• Expert Power
  • Information Power
  • Connective Power
  • In what ways are these power bases useful in
    organizational change?

168
Leading Organizational Change
  • Does leadership matter in organizational change?
  • Does change only occur when the charismatic CEO
    says so?
  • What are characteristics of an effective change
    leader?
  • What are the essential elements for leading
    organizational change?

169
  • Servant-Leadership
  • Robert Greenleaf

170
What is servant-leadership?
Servant-leadership is a practical philosophy
which supports people who choose to serve first,
and then lead as a way of expanding service to
individuals and institutions. Servant-leaders
may or may not hold formal leadership positions.
Servant-leadership encourages collaboration,
trust, foresight, listening, and the ethical use
of power and empowerment. - http//www.greenleaf
.org
171
Who is the servant-leader?
The servant-leader is servant first. It begins
with the natural feeling that one wants to serve,
to serve first. Then conscious choice brings one
to aspire to lead. This is sharply different
from one who is leader first for this person
it will be a later choice to serve (if this
choice is made at all) after leadership is
established. The difference manifests itself in
the care taken by the servant-first to make sure
that other peoples highest priority needs are
being served. - Robert K. Greenleaf, The
Servant as Leader, p. 7
172
The Best Test
The best test, though difficult to administer,
is Do those served grow as persons? Do they
while being served become healthier, wiser,
freer, more autonomous, more likely themselves to
become servants? And, what is the effect on the
least privileged in society will he benefit, or
at least, will he not be further deprived? -
Robert K. Greenleaf, The Servant as Leader, p. 7
173
Ten Characteristics
- Rubye Braye, Focus on Leadership, p. 300
174
Transforming leadership
Transforming leadership occurs when one or more
persons engage with others in such a way that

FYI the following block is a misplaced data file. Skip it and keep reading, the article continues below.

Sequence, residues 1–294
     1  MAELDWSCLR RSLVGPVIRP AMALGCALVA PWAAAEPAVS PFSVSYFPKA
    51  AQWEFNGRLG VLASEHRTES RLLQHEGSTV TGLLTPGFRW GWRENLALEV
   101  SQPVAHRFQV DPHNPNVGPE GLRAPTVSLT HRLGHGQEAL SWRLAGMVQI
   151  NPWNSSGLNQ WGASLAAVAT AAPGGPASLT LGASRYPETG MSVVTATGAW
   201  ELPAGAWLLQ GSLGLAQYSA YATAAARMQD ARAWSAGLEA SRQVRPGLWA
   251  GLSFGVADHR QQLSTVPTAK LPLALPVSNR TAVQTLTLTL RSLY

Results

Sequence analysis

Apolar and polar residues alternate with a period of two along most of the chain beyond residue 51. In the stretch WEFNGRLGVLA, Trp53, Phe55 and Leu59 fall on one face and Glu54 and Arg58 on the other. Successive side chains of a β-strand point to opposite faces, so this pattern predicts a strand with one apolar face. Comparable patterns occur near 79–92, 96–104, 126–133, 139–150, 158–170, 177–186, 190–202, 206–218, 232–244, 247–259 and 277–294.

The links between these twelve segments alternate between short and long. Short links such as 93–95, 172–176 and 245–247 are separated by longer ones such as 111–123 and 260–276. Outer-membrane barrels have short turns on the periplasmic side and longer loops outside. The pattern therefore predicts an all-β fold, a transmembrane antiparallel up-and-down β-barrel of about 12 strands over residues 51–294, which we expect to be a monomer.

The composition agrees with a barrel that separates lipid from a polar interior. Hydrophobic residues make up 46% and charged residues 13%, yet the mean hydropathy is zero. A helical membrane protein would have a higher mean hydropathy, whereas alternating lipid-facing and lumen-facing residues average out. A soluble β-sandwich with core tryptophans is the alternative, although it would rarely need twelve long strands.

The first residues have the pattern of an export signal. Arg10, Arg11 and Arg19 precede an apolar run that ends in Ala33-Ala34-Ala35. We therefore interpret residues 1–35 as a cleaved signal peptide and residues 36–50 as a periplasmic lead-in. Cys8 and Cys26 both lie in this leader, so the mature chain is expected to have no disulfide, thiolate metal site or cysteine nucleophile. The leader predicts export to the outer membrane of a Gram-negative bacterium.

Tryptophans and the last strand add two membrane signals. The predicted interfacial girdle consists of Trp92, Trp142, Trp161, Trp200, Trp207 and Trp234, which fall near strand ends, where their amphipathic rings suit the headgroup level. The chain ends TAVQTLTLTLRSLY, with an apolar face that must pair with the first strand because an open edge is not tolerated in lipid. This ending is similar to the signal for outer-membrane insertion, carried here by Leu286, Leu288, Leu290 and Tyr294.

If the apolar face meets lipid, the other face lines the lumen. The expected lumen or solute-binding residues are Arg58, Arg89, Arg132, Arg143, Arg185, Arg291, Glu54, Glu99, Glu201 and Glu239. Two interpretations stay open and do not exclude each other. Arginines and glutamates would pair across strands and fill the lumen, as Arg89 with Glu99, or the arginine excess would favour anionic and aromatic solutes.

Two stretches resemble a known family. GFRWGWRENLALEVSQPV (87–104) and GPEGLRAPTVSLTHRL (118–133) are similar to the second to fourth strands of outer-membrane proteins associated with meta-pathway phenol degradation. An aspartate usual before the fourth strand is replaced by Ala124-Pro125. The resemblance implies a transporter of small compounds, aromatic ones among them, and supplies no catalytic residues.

leaders and followers raise one another to higher
levels of motivation and morality. The
transforming leader draws upon the follower's
needs, motivations, and goals, and engages the
full person of the follower the result of
transforming leadership is a relationship that
converts followers into leaders and may convert
leaders into moral agents. - James MacGregor
Burns, Leadership, p. 4
175
Transformative Leadership
  • Articulate a clear and appealing vision
  • Explain how the vision can be attained
  • Act confidently and optimistically
  • Express confidence in followers
  • Use dramatic, symbolic actions to emphasize key
    values
  • Lead by example
  • Empower people to achieve the vision

176
Servant-leadership as an individual leadership
philosophy
Similar to transformational leadership,
servant-leadership is neither a theory or a
model. It does not put forth a formula for
success it does not offer a set of tools or
skills to master. Servant-leadership is a way of
thinking about self and others, a way of being in
relationship to others. Servant-leaders may or
may not hold formal positions or titles of
management they practice serving as a way of
leading from anywhere in the organization.
177
Servant-leadership as an institutional model
This is my thesis caring for persons, the more
able and the less able serving each other, is the
rock upon which a good society is built if a
better society is to be built, one that is more
just and more loving, one that provides greater
creative opportunity for its people, then the
most open course is to raise both the capacity to
serve and the very performance as servant of
existing major institutions by new regenerative
forces operating within them. - Robert K.
Greenleaf, The Institution as Servant, p. 1
178
A new kind of leadership
  • Traditional Boss
  • Motivated by personal drive to achieve
  • Competitive, independent
  • Seeks to receive personal credit for achievement
  • Relies on facts, logic, proof
  • Controls information in order to maintain power
  • Tells, gives information
  • Personal value comes from individual talents
  • Servant as Leader
  • Motivated by desire to serve others
  • Collaborative, interdependent
  • Gives credit to others
  • Uses intuition and foresight to balance facts,
    logic, proof
  • Shares big-picture information generously
  • Listens, asks, values others input
  • Personal value comes from mentoring and working
    collaboratively with others

179
Organizational structures
Traditional hierarchy
Primus inter pares
primus


180
Primus inter pares
  • There is still a leader, but he is not chief
  • It is important that the primus constantly tests
    and proves his leadership among a group of able
    peers
  • Organizational success will only be met if more
    people are encouraged to serve as leaders,
    everywhere in the organization. He argued the
    structure of equals with a primus will enable
    more leaders to grow and develop
  • Robert K. Greenleaf, The Institution as Servant,
    p. 11

181
Servant Leadership
In what ways does servant-leadership lend
itself to leading organizational change?